Have you ever been to a gym right after the New Year? What about in the first week of February? If you have, you’ll be asking yourself where everybody went, but you know the answer: They’re back home on the couch, swearing that they’ll make it happen next year. And who can blame them? The “getting in shape this year” resolution is easy to make, but breathtakingly difficult to keep.
Last year, we got advice from people on how to actually start doing this, but this year, we’re figuring out how to make it stick. What does it really feel like? What can you expect to happen to your brain and body? We talked to acclaimed exercise-science expert Alex Hutchinson and running coach/running culture aficionado Knox Robinson for their takes on what your first year of getting in shape will really look (and more importantly, feel) like.
What It Does to You After a Week
Let’s get the bad news out the way: If they don’t already, most people should expect that first week to be hard and demoralizing as hell. You’re not gonna be ready for a marathon, you won’t have lost any weight and you won’t be part of the swole patrol. On the contrary — it’s gonna hurt and, in all likeliness, you’ll feel like a weak, uncoordinated buffoon on your first couple runs or during your first few workouts.
“I feel like getting back into running or starting for the first time feels like drowning on dry land,” Robinson says. “You don’t know what your arms are supposed to be doing or if your form is correct, your breathing’s going out-of-control, and you’ve only made it a block and a half!”
You’ll also be feeling pretty sore after 48 hours — and, says Hutchinson, you’ll likely feel worse at that point than before you started exercising. That’s the trigger to your muscles to adapt and repair for the longer term.
But wait! There are already some benefits, according to Hutchinson. “If you go and do one workout, you’re not going to be able to see the change in the mirror, but you’re already having positive effects on your health,” he says. “For the 48 hours after a workout, your muscles are going to be consuming blood sugar at an elevated rate. That’s going to be making your blood-sugar control better and making you healthier.”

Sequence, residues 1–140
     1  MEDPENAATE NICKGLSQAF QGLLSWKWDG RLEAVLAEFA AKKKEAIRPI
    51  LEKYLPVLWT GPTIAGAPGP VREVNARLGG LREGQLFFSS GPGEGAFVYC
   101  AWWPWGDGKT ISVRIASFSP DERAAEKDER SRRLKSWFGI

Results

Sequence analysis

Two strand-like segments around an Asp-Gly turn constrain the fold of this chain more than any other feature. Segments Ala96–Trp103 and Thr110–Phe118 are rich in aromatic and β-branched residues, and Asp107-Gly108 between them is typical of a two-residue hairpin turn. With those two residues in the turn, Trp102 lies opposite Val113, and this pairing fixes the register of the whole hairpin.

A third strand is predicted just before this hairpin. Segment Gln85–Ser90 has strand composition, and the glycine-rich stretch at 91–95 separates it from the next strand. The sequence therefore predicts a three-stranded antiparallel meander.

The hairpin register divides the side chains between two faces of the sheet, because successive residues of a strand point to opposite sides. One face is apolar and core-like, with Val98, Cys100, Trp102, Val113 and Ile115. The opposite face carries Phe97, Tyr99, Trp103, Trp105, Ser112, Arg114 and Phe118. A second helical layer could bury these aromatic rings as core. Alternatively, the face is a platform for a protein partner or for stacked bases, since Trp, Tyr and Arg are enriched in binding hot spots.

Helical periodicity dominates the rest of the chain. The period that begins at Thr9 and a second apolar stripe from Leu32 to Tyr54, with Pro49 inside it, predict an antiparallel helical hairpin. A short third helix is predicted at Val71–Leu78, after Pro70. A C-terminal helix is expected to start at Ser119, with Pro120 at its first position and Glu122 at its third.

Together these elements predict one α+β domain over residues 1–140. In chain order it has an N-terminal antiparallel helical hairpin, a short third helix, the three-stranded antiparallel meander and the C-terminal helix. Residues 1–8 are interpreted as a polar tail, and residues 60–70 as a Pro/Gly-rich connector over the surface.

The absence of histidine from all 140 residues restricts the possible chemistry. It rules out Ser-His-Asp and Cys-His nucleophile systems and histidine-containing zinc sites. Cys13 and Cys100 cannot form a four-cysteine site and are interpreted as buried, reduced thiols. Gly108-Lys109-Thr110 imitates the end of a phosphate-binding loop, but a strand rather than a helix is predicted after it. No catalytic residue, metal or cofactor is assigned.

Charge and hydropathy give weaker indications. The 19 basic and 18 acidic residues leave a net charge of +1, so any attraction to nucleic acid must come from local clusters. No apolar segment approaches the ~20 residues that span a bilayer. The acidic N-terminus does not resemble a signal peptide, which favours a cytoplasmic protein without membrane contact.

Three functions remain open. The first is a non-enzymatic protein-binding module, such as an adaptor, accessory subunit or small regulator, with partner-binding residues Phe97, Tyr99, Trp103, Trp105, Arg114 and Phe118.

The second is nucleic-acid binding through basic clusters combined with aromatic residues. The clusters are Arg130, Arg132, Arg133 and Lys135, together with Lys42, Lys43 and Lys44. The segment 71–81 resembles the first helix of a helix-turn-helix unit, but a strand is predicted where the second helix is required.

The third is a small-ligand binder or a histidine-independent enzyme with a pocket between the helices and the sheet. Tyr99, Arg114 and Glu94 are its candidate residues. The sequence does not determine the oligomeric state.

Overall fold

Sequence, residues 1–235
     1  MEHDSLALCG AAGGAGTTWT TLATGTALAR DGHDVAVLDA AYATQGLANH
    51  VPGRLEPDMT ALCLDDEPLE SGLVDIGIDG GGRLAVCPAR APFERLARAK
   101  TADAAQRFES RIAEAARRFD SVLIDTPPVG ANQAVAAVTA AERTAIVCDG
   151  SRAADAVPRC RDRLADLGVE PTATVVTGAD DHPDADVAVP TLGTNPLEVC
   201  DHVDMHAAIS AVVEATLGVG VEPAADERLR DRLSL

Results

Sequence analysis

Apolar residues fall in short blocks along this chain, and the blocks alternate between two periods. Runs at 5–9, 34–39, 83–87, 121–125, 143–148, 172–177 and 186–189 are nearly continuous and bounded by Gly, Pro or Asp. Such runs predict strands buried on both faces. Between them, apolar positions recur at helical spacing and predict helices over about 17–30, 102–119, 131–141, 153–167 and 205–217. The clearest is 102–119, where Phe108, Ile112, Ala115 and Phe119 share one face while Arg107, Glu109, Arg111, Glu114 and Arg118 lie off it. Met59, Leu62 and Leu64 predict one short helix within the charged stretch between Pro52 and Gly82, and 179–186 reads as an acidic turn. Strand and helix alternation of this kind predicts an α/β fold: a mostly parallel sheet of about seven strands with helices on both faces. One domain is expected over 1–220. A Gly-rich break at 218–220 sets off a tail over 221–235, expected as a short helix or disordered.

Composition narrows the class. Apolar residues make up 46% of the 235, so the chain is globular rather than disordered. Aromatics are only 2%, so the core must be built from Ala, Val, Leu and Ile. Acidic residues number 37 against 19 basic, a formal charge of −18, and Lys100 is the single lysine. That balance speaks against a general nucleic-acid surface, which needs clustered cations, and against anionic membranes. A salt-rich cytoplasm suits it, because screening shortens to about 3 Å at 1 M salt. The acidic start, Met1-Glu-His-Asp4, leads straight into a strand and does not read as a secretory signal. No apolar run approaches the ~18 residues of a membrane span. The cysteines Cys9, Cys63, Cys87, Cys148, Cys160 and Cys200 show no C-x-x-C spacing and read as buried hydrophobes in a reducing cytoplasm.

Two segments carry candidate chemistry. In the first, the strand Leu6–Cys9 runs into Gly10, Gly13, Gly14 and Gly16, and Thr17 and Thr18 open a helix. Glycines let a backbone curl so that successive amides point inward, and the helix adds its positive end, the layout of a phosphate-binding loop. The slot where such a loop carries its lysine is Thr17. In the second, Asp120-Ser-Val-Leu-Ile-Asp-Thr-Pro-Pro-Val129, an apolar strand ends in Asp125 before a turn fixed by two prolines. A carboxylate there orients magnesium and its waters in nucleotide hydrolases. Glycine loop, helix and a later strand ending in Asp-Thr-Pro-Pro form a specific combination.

As far as what your overall life will be like, Robinson says, “That first week is all about just riding out those waves of panic — not even discomfort, but just shock to the system. The energy expenditure is going to leave you exhausted and you’ll probably crash out, but also feel a buzz at the joy of being done and not dying. In that first week, you just have to be prepared for whatever extremes the body and mind throw at you.”
What It Does to You After a Month
Overall, making it to a month might be the toughest hurdle. Most people simply can’t keep conjuring the adrenaline that this new habit has given them — especially since it’s still new, and it’s still impossible to see results, according to the science — and by now, people tend to get impatient about that. Even worse, you’re probably still feeling tired and beat up after a workout and you still look and feel like you’re made of pre-baked cookie dough. Additionally, Hutchinson says, habits don’t usually change within a month, so waking up early, for example, is still a chore. This is why people tend to fall off the wagon in droves at this point.
Still, things are happening inside your body, and this is the time when stuff starts to click. “Within three to four workouts — so a couple weeks — you’ll be getting a little stronger, and almost all of that will be thanks to neuromuscular gains,” Hutchinson says, referring to your brain’s ability to work your muscles. This is why, even though you can’t see the difference in the mirror yet — studies show you may get bigger by about a millimeter at this point, so it’s practically microscopic — you’re nonetheless stronger.
“After a month, it’s important to know that your body’s not an abacus, to say nothing of being a computer,” says Robinson. “So rather than the sheer amount of time, the body’s going to respond to how many times you’ve run. By the tenth run you’re gonna start feel things clicking.” In other words, you’re not sucking air like you were at first, and your arms, legs and body are starting to move more fluidly. “It’s gonna start feeling less like an exercise in futility or a fool’s errand,” Robinson says. “It might not be pretty, it might not be 100 percent fun, but it’s gonna hang together.”
What It Does to You After Six Months